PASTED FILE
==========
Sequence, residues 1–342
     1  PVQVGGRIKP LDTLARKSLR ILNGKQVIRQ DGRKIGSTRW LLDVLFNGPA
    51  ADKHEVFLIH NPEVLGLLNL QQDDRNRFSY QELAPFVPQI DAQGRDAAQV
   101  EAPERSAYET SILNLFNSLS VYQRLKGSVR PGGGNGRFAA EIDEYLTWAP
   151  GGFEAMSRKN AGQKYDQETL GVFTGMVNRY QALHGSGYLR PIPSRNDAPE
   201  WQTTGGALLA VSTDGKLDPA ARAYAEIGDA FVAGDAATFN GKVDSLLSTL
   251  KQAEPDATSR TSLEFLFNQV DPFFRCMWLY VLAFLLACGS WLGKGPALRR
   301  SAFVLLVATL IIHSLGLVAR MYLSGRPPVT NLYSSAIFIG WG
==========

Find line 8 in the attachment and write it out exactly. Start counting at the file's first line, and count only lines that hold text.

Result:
   301  SAFVLLVATL IIHSLGLVAR MYLSGRPPVT NLYSSAIFIG WG